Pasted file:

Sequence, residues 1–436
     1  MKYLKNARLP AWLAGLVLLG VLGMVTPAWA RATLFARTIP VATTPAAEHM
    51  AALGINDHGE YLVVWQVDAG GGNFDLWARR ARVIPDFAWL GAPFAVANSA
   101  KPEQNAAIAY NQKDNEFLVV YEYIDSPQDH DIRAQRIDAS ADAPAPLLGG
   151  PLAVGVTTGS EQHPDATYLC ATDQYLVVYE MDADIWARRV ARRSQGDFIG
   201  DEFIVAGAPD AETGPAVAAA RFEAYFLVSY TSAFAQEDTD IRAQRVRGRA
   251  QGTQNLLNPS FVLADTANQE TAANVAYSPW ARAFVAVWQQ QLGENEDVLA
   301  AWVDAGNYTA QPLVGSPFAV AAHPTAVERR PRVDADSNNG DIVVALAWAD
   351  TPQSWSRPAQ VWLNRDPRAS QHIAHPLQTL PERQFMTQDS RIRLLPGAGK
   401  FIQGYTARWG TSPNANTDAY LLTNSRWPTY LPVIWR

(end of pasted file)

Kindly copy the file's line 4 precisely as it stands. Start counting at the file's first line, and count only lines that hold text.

   101  KPEQNAAIAY NQKDNEFLVV YEYIDSPQDH DIRAQRIDAS ADAPAPLLGG